One of the hallmarks of being a Wall Street executive—or a president, for that matter—is harboring a certain degree of arrogance.
I suspect that Palin is harboring an angry contempt for her running mate and his handlers.
Most people would not suspect Robert Mugabe of harboring a guilty conscience.
She confessed to harboring a “creeping concern that [Edward Snowden] is not who he purports to be.”
Simple assault, battery, aiding and abetting, harboring a fugitive, and also obstruction of justice took place.
Furthermore, Switzerland's harboring of Belgian refugees is a demonstration against Germany.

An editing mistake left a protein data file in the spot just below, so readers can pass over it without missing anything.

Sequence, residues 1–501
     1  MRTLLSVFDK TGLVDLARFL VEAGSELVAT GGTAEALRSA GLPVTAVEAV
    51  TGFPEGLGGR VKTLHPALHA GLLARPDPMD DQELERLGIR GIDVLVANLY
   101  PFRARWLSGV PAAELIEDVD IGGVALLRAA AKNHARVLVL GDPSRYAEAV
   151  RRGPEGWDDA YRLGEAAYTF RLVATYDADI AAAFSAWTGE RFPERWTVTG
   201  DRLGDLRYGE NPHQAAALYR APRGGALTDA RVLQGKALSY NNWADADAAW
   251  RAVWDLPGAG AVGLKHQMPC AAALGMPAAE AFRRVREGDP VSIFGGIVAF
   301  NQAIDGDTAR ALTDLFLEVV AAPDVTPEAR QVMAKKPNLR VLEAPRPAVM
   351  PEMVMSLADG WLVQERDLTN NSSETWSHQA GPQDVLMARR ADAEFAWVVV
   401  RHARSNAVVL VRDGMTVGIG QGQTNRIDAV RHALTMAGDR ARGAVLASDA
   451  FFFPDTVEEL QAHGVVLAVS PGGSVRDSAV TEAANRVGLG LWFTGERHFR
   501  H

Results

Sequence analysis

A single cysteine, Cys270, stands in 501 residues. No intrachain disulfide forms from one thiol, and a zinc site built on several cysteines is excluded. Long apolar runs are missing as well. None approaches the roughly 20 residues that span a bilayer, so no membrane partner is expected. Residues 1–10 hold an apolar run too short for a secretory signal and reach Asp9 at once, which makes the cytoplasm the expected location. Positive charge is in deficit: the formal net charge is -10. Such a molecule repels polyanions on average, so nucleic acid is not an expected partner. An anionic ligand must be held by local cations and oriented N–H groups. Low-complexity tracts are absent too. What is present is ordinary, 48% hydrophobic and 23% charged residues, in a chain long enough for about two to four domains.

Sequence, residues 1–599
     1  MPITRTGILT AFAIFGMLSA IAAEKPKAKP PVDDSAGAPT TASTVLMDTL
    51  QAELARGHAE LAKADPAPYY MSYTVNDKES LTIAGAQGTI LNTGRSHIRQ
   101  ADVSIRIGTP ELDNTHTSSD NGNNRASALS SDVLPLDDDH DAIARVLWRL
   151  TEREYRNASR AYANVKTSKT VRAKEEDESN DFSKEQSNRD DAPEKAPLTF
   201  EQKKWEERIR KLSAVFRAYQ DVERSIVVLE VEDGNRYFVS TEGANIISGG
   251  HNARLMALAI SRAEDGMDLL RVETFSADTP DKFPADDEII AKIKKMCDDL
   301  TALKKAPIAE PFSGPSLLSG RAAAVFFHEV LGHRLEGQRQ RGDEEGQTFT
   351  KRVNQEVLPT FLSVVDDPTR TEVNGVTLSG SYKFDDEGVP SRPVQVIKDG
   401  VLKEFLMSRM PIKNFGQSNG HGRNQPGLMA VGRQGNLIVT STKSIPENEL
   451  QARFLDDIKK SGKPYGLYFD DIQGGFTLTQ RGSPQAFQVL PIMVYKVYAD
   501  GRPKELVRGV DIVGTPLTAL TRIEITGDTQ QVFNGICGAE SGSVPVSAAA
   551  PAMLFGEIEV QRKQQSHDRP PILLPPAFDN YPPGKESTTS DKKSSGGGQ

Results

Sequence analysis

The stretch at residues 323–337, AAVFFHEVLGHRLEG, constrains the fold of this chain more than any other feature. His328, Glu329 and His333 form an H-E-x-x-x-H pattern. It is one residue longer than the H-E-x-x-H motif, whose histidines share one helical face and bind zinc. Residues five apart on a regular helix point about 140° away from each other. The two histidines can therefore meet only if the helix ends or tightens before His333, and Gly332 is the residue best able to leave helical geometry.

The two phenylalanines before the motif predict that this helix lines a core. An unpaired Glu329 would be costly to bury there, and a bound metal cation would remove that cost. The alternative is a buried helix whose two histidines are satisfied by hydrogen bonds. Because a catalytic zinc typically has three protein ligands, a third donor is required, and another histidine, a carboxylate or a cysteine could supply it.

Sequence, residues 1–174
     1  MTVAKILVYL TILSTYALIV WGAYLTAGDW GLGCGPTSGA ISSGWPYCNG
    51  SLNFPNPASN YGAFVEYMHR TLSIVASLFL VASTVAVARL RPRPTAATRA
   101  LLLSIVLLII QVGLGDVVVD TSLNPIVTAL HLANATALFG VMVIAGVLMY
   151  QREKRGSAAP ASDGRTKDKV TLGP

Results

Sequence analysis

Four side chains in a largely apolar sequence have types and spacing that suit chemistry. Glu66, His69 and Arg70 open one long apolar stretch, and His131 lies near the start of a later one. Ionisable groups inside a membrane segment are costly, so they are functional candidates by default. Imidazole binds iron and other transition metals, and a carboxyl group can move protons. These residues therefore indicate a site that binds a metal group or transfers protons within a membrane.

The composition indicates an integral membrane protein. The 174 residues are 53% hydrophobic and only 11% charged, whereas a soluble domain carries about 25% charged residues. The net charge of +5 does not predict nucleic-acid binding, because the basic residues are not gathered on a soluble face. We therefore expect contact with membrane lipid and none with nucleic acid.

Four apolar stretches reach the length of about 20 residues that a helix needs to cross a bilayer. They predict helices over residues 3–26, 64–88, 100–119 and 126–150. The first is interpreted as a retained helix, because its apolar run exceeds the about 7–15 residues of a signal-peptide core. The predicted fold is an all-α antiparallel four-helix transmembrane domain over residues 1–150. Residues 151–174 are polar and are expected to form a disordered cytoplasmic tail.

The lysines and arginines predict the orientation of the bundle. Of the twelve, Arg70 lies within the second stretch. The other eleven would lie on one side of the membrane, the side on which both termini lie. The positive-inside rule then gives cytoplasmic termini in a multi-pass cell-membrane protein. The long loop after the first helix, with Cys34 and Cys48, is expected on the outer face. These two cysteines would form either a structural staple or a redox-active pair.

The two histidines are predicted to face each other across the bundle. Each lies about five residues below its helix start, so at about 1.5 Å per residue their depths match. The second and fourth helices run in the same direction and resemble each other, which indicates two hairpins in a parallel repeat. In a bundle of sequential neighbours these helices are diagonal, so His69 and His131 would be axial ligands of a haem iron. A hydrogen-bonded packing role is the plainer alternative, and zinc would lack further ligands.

I really had been harboring a volcano for some time, and it was a hot tenant.
I felt he was breaking God's law in harboring a woman of that kind.
Oh, Your Eminence, will God be angry with me for harboring these demons?
These people will have it that I am harboring here one that they are in pursuit of.
"lodging for ships," early 12c., probably from Old English herebeorg "lodgings, quarters," from here "army, host" (see harry) + beorg "refuge, shelter" (related to beorgan "save, preserve;" see bury); perhaps modeled on Old Norse herbergi "room, lodgings, quarters." Sense shifted in Middle English to "refuge, lodgings," then to "place of shelter for ships."
Old English hereborgian, cognate with Old Norse herbergja, Old High German heribergon, Middle Dutch herbergen; see harbor (n.). Figuratively, of thoughts, etc., from late 14c. Related: Harbored; harboring.